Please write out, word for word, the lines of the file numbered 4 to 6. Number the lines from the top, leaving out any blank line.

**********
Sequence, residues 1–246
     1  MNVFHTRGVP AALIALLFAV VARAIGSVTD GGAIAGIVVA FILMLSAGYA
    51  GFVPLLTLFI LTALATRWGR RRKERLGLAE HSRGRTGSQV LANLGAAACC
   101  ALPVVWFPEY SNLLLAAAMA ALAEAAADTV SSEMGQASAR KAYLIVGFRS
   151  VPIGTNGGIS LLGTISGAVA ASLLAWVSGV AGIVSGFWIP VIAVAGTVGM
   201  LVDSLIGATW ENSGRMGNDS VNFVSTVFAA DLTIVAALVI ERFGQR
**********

   101  ALPVVWFPEY SNLLLAAAMA ALAEAAADTV SSEMGQASAR KAYLIVGFRS
   151  VPIGTNGGIS LLGTISGAVA ASLLAWVSGV AGIVSGFWIP VIAVAGTVGM
   201  LVDSLIGATW ENSGRMGNDS VNFVSTVFAA DLTIVAALVI ERFGQR